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Gates moans to press in PR spectacle (Not)

The Microsoft boss' charm offensive is sinking on the reef of his own intransigence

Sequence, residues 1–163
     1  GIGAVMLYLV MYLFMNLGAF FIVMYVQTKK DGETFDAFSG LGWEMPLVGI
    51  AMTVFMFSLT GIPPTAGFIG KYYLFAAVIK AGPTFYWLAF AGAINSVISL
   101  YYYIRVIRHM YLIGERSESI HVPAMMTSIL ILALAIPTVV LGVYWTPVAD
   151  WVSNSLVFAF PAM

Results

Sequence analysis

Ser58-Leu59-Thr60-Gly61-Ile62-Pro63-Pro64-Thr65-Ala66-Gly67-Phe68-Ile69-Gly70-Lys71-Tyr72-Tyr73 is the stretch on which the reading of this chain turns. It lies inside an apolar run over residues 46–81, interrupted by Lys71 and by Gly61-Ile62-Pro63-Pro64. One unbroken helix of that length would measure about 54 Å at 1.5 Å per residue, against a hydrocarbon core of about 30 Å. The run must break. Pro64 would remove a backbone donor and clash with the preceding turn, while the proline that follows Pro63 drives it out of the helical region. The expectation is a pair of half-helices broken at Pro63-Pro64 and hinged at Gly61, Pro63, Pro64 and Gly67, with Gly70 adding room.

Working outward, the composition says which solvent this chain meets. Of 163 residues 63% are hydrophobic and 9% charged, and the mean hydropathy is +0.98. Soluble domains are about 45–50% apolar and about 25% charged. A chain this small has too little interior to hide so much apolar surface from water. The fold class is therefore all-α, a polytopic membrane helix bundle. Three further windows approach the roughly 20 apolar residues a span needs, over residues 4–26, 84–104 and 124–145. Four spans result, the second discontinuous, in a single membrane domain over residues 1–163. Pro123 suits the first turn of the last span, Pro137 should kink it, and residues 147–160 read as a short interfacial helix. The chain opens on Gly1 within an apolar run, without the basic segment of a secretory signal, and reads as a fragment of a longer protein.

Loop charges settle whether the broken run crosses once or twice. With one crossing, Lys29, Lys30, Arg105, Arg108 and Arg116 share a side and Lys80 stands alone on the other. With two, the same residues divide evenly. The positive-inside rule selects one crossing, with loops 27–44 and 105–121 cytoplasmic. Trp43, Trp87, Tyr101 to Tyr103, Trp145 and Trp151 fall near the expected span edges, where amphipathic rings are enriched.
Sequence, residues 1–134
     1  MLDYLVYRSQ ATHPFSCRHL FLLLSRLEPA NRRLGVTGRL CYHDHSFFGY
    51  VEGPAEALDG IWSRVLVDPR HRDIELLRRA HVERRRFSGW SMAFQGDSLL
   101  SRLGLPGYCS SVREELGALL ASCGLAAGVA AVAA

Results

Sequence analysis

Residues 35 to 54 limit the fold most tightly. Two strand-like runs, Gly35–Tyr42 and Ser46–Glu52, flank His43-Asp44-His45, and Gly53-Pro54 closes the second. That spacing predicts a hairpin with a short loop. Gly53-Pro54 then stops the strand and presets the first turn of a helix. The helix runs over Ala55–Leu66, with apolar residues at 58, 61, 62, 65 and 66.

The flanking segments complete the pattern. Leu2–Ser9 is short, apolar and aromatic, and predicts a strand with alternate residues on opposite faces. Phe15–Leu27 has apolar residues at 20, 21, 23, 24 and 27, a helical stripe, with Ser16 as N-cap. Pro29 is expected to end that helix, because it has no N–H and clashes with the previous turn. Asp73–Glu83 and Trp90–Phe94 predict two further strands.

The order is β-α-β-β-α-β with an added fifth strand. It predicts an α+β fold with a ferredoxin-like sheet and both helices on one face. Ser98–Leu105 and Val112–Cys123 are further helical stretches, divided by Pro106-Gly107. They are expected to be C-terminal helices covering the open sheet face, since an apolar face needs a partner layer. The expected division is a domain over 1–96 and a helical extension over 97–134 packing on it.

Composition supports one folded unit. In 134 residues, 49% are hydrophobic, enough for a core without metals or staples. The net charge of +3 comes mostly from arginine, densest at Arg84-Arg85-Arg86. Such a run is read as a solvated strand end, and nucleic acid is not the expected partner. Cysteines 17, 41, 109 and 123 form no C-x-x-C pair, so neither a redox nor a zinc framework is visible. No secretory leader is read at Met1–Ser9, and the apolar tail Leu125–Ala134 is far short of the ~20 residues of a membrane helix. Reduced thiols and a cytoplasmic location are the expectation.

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The government is "trying to turn this into a PR spectacle," Microsoft legal consultant Charles F Rule told ranks of reporters as he stood in front of banks of video monitors yesterday. Rule was speaking at the Washington venue for a satellite interview with Bill Gates - but despite the apparent contrary signals, this is information, not "a PR spectacle," right? Microsoft's justification for mounting an apparent PR spectacle while denouncing the antitrust trial as one was put succinctly by Rule: "Our focus is in the courtroom, but we cannot and will not stand by without responding." The sub-Churchillian Mr. Rule is a former head of the DoJ's antitrust division, so is a gamekeeper turned poacher. But he's in good company - David Boies, the DoJ's main man in the trial, saved IBM from the feds in another lifetime. In reality yesterday's press conference was just another stage of the charm offensive Microsoft is mounting in a bid to repair the damage caused by Bill Gates' video deposition. Bill started this off the other week (Gates moans to press), and Microsoft is starting to hint at the possibility that he'll be used as a "rebuttal witness" later in the trial. Neither side has called him so far, but the Microsoft legal team may now feel it has to play the Gates card to recoup the situation. Or alternatively, they may be privately thinking a further spectacular screw-up by Bill in open court will save their hides, and make it clear that Gates himself is the one responsible for the whole case going down the toilet. Because Bill's current 'rebuttal' schedule seems to have him zooming from interview to interview, front page to front page, and not giving an inch. Could it perhaps be that his ego won't let him? In the face of three days worth of video deposition that indicates quite the contrary, Gates continued yesterday to insist that David Boies had asked all the wrong questions, badgering Gates "to give yes or no answers when he knew the questions were ambiguous." Said Gates: "I had expected Boies to ask me about competition in the software industry, but no, he didn't do that." What this means in the Wonderful World of Bill Gates isn't entirely clear. Boies has indeed spent some considerable time asking His Billness questions that are pertinent to Microsoft's competitive position in the software industry (get your lawyers to check what the case is about, Bill). But no, we suppose Boies hasn't asked something like: "So what do you think about competition in the software industry, Mr Gates?" Yesterday Gates was still insisting: "I answered every question, but Boies made it clear that he is out to destroy Microsoft and make us look very bad." But the record shows that he didn't answer every question (unless you count speaking, eventually, after each of them as an answer). Boies meanwhile has yet to reveal the true nature of his dastardly mission from the Dark Side to anyone outside of Microsoft. The DoJ did issue a press statement yesterday, but disappointingly it did not begin: "I, David Boies, Grand Admiral of the Klingon Fleet, am engaged in a secret mission to make Microsoft look very bad." It simply said: "Microsoft's latest press statements are another public relations effort to distract attention from the overwhelming evidence introduced in court showing that Microsoft has illegally used its market dominance to block competition from innovative technologies that threaten its operating system monopoly." Shucks. Complete Register trial coverage

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